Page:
Since students who have difficulty with their academic performance will experience more discouragement and frustration, they’re at greater risk of reaching a point of mental fatigue and disengaging from lesson material. Pivoting their attention towards something that helps them feel competent, included, and enthusiastic is a fantastic strategy for preventing complete disengagement and giving them the support they need to reach their goals.
A naturally dynamic learning environment
At the heart of Tim’s brain break philosophy is a belief in the importance of fun and inclusivity, but also an adaptive and responsive approach to teaching and relating with students. This means both experimenting and empathizing with them as much as possible.
It also means recognizing that no brain break will work perfectly every time, and that the same strategy might be a hit for some kids and fall flat for others. “It all depends on the environment and on the teacher who’s administering them.” In his experience, the key is to respond to your students’ interests and needs, even potentially gathering ideas from them about what to try.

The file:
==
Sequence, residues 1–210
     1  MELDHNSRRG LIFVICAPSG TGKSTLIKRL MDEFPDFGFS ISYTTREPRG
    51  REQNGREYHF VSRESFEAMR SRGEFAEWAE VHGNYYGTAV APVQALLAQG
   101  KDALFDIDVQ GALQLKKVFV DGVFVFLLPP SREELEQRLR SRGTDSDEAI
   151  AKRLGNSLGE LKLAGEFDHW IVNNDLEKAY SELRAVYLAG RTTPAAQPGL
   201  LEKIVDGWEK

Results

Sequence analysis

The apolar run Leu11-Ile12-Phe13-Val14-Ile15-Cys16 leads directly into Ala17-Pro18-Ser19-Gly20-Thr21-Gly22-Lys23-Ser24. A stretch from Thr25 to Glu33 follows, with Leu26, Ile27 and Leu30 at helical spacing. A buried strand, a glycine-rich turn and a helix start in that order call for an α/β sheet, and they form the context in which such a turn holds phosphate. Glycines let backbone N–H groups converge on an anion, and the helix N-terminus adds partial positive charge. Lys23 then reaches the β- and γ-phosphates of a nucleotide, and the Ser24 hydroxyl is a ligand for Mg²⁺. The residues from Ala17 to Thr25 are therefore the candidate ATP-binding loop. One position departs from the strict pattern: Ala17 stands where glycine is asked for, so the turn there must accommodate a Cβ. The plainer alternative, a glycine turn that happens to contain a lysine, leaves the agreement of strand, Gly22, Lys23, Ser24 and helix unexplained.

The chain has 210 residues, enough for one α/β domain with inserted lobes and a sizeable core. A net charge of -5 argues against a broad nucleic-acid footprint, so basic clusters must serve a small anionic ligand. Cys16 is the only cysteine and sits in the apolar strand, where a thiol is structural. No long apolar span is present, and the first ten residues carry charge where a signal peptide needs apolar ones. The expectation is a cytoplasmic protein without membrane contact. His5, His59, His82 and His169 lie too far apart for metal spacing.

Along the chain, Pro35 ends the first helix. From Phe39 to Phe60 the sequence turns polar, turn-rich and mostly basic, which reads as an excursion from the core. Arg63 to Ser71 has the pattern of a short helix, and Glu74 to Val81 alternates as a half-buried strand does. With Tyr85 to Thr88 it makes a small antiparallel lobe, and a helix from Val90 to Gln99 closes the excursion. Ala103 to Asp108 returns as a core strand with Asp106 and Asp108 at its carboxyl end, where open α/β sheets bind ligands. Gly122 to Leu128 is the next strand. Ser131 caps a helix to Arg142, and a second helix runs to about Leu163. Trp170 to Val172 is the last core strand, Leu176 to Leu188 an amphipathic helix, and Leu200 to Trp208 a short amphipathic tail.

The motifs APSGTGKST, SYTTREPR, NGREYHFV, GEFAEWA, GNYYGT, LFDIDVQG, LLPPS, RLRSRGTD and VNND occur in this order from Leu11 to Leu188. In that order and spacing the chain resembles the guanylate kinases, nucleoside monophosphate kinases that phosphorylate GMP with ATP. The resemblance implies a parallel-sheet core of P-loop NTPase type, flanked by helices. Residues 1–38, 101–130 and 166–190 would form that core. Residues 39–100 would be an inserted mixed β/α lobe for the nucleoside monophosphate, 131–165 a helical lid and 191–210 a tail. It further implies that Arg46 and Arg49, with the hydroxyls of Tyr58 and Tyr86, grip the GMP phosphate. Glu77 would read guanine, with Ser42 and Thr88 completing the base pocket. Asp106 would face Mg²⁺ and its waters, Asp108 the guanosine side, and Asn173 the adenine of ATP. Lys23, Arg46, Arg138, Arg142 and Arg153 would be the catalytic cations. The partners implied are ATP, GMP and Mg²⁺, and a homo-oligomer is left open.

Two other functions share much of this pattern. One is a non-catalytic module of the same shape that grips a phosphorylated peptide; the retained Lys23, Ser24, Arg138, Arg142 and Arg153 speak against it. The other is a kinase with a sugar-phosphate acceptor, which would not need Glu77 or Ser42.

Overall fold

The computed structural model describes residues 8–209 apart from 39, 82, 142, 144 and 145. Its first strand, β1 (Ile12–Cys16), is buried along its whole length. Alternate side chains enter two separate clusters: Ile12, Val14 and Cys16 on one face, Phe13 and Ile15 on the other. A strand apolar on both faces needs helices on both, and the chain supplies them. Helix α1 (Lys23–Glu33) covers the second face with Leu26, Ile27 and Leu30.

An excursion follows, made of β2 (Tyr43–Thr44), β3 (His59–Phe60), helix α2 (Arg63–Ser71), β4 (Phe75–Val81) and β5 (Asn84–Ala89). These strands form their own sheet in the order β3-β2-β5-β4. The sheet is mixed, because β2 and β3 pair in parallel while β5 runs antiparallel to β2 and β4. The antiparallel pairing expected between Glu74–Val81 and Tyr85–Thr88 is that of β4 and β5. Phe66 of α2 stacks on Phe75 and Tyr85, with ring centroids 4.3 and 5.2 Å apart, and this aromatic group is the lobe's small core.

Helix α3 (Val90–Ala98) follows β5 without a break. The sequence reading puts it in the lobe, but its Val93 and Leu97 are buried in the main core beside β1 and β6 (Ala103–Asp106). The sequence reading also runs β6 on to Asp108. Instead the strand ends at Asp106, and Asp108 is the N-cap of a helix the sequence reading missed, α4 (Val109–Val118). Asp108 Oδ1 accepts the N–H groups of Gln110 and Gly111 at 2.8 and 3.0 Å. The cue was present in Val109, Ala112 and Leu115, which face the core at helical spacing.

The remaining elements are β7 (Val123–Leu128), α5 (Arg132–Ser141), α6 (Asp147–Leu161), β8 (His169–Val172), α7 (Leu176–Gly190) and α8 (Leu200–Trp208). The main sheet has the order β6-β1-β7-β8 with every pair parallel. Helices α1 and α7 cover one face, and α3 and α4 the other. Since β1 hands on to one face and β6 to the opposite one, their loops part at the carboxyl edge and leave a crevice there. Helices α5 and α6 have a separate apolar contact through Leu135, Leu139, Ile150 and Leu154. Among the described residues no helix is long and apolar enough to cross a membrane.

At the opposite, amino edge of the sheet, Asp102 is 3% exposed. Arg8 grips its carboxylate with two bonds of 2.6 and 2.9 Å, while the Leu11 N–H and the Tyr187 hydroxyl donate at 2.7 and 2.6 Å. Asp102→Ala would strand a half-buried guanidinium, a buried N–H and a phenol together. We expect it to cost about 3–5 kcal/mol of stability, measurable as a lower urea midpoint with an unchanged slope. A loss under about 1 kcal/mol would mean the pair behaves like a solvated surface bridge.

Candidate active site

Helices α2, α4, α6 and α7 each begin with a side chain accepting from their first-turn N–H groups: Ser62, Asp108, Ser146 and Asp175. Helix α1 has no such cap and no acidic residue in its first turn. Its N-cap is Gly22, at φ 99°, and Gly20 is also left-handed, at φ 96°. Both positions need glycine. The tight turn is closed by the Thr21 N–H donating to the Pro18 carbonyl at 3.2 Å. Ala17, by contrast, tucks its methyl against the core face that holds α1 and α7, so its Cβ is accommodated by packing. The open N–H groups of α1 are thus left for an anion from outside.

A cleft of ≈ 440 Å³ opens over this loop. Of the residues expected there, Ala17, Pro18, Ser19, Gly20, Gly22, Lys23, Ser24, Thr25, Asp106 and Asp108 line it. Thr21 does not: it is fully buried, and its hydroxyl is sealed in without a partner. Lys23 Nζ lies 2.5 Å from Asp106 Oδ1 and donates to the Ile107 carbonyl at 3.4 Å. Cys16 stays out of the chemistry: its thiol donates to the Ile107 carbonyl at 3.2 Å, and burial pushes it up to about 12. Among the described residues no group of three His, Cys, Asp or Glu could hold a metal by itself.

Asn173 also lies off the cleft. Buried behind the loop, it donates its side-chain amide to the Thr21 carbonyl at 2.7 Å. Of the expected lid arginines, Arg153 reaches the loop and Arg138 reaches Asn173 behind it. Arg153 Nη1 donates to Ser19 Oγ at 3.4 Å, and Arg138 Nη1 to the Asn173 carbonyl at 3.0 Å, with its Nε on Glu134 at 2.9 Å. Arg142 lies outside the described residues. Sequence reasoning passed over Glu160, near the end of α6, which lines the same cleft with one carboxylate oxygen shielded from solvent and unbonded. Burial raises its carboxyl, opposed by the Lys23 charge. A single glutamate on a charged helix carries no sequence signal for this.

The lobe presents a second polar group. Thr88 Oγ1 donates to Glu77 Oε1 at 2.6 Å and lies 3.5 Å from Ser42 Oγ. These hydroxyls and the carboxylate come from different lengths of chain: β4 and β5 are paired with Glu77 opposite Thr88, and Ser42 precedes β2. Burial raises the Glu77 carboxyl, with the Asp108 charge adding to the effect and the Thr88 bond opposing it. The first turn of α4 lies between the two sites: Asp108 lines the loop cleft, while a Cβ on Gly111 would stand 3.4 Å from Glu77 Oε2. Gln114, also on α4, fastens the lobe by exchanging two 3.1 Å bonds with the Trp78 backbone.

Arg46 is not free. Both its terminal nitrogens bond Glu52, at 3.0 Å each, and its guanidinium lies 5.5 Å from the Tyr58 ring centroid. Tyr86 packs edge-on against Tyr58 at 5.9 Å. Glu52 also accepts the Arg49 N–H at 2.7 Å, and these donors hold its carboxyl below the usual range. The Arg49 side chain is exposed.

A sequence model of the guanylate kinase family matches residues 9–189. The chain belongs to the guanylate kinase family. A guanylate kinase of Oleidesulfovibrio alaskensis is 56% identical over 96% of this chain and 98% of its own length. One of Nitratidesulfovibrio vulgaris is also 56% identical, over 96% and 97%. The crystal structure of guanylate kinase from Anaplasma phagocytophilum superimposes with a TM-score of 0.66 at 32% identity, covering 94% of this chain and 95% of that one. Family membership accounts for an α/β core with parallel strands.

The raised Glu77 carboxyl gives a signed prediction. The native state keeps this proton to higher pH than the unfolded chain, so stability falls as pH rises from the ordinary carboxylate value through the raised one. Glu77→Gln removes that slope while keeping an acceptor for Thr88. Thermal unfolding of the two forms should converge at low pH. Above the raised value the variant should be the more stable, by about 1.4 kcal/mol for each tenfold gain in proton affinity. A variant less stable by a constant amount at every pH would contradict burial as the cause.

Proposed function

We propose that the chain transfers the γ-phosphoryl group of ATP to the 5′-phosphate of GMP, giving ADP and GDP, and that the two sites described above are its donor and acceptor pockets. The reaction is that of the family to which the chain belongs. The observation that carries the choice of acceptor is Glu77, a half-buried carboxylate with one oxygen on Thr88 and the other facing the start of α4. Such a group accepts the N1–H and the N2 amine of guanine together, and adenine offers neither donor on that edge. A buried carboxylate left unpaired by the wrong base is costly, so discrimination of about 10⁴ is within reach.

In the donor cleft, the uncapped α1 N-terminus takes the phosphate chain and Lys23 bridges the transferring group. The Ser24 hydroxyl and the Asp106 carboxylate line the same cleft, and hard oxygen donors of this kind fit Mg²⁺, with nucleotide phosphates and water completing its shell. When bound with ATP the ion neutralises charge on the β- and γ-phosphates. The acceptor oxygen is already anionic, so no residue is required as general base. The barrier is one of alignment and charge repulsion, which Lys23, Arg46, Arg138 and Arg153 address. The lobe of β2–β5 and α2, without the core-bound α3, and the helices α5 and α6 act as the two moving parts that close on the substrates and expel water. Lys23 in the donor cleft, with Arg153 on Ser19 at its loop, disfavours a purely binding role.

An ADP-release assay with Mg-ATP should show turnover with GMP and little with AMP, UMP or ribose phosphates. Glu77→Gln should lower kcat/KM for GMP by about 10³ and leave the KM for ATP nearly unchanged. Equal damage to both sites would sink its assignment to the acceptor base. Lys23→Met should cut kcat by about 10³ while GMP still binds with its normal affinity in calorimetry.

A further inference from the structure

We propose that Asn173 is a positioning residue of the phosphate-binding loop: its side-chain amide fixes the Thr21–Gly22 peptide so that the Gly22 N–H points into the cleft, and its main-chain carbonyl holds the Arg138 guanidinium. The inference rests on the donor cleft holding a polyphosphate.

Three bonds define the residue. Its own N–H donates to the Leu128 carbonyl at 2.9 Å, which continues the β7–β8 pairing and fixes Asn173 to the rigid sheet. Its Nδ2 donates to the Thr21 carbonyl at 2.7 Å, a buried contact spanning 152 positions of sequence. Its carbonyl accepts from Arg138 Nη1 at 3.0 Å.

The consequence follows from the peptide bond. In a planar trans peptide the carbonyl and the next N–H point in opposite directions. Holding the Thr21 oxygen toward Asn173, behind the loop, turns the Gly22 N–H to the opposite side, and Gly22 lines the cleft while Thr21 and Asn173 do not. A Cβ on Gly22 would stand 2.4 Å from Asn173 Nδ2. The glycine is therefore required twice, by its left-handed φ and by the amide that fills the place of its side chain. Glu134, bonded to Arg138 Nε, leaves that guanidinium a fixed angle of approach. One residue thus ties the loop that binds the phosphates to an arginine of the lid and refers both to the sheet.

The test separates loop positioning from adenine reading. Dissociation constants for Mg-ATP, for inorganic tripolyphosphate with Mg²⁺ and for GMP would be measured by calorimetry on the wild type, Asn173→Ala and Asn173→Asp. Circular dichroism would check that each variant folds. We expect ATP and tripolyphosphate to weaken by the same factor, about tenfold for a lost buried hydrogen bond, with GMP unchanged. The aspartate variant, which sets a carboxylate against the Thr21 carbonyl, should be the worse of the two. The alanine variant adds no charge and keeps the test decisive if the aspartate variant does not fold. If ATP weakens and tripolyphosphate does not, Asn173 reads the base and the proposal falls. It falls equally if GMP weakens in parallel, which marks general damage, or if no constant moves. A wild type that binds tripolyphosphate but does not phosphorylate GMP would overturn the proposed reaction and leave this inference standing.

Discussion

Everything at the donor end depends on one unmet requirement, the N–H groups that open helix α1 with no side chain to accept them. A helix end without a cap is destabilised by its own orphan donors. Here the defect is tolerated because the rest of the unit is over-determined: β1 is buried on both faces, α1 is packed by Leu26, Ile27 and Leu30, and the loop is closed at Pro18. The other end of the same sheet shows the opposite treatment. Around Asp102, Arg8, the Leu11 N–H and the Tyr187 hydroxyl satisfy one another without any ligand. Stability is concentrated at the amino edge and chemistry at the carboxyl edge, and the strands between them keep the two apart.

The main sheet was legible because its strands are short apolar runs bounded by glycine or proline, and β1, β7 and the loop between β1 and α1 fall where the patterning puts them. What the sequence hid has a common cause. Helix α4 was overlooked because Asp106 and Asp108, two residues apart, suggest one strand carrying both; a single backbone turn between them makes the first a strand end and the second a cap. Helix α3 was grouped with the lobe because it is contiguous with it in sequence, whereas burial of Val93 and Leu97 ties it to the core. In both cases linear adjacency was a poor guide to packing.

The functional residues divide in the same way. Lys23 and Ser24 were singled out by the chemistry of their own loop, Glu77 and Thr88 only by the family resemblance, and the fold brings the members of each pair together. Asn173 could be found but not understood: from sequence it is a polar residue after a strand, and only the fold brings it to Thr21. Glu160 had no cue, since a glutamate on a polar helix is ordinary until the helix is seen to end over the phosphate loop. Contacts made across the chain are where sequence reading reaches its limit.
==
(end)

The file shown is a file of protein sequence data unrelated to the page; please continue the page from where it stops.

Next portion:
“You can either inject brain breaks into class specifically, or create an environment that is more conducive to them,” he adds, pointing out that when you’re intentional about nurturing creativity and spontaneity, effective strategies and ideas can produce themselves.
For Tim, the important part of keeping students engaged and motivated with brain breaks is not to depend on any one rigid tool, but to foster a naturally dynamic learning environment. “We need to keep our classrooms dynamic. They have to be ever-changing. [It should still be] solid in structure because they need that academically, but there’s nothing wrong with bringing the fun into it.”